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Wikileaks' release of classified field reports on Afghan war reveals not much

Tuesday, July 27, 2010; A16

THOUGH IT may represent one of the most voluminous leaks of classified military information in U.S. history, the release by Wikileaks of 92,000 reports on the war in Afghanistan hardly merits the hype offered by the Web site's founder. The archive is not comparable to the Pentagon Papers or the secret files of the East German Stasi secret police, as Julian Assange variously claimed on Sunday and Monday. Nor does it provide evidence for war crimes prosecutions -- though in making that assertion, Wikileaks' founder revealed his organization's antiwar agenda.

Rather, the Wikileaks material tends to fill out and confirm the narrative of Afghanistan between 2004 and 2009 that most Americans are already familiar with. The insurgency grew steadily stronger in those years, while U.S. and NATO forces suffered from insufficient resources. The Afghan government and army, and especially its police forces, were plagued with corruption. Pakistan's intelligence agency was suspected of maintaining links to the Taliban and even of supporting some terrorist attacks inside Afghanistan. And Afghan civilian casualties were a continual problem.

These were the main themes identified in the documents by the New York Times, the Guardian and Germany's Der Spiegel after weeks of review. They were also the main topics in media coverage of the war during that time, in congressional hearings and debate, and even in the accounts of the White House and the Pentagon. The archives, made up in large part of field reports about specific incidents, add detail and texture. But, as described by the news organizations, they hardly provide a secret history of the war or disclose previously unknown malfeasance.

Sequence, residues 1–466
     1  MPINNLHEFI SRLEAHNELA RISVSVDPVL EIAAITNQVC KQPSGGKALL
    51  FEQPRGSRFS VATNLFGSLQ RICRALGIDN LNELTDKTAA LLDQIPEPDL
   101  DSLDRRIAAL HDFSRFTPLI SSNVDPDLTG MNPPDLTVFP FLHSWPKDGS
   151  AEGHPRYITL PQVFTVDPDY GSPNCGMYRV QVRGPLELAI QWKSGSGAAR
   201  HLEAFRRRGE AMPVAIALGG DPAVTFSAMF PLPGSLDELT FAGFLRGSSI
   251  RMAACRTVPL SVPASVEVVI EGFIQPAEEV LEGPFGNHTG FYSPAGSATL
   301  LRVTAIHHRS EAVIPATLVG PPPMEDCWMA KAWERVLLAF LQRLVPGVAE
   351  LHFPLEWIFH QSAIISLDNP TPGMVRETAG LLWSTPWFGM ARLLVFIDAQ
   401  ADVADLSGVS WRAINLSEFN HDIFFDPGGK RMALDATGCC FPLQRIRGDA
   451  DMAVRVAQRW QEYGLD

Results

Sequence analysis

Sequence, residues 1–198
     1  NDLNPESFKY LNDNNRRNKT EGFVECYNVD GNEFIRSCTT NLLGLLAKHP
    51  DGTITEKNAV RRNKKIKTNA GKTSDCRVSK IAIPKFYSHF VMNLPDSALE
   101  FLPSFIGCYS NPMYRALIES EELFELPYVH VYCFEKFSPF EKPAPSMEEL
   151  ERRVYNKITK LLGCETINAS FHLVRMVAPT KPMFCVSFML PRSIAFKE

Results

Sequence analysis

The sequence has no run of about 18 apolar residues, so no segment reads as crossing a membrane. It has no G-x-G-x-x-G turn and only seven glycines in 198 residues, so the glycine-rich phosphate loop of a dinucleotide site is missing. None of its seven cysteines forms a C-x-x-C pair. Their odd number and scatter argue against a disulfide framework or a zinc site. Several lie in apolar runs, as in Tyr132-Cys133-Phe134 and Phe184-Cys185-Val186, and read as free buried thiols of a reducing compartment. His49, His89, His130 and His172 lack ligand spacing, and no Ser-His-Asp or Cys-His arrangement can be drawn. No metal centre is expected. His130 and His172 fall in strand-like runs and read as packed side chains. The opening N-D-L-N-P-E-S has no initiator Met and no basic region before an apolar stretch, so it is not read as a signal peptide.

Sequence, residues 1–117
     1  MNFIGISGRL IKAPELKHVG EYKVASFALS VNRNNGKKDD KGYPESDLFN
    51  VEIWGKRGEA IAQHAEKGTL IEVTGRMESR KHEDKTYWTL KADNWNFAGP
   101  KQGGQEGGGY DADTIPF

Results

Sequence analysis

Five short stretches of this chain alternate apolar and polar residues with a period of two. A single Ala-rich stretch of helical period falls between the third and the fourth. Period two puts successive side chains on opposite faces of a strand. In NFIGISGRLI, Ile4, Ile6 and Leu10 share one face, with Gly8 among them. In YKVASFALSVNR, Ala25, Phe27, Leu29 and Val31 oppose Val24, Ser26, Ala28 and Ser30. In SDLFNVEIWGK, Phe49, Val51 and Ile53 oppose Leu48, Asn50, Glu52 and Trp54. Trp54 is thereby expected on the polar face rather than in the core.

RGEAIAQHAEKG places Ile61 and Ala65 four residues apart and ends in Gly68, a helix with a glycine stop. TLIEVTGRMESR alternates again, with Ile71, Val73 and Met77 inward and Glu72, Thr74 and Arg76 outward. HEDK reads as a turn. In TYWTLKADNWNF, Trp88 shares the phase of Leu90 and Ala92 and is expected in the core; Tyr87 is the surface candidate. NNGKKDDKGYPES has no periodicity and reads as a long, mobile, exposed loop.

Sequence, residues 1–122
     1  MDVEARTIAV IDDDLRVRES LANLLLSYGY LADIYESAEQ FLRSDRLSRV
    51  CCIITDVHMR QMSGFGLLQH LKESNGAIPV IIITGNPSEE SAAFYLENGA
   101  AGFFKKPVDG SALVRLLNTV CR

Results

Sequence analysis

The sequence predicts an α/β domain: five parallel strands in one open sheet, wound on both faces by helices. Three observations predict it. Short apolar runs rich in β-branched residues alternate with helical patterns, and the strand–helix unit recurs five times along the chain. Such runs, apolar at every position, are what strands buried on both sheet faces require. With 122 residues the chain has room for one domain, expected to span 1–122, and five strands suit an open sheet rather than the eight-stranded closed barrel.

The Times account of the documents focuses on reports of Pakistani contacts with the Taliban. But the Guardian's review concludes that much of that information is unreliable. The British newspaper in turn highlights what it says are 144 reported incidents in which Afghan civilians were killed or wounded by coalition forces. But the 195 deaths it counts in those episodes, though regrettable, do not constitute a shocking total for a four-year period.

The Obama administration harshly condemned the release of documents, saying they "could put the lives of Americans and our partners at risk, and threaten our national security." But that, too, seemed an exaggeration. Both Wikileaks and the news organizations said they had withheld documents and other information that might endanger individuals. On the whole, the reports appear likely to add modestly to public understanding of the war. But they are not likely to change many minds.

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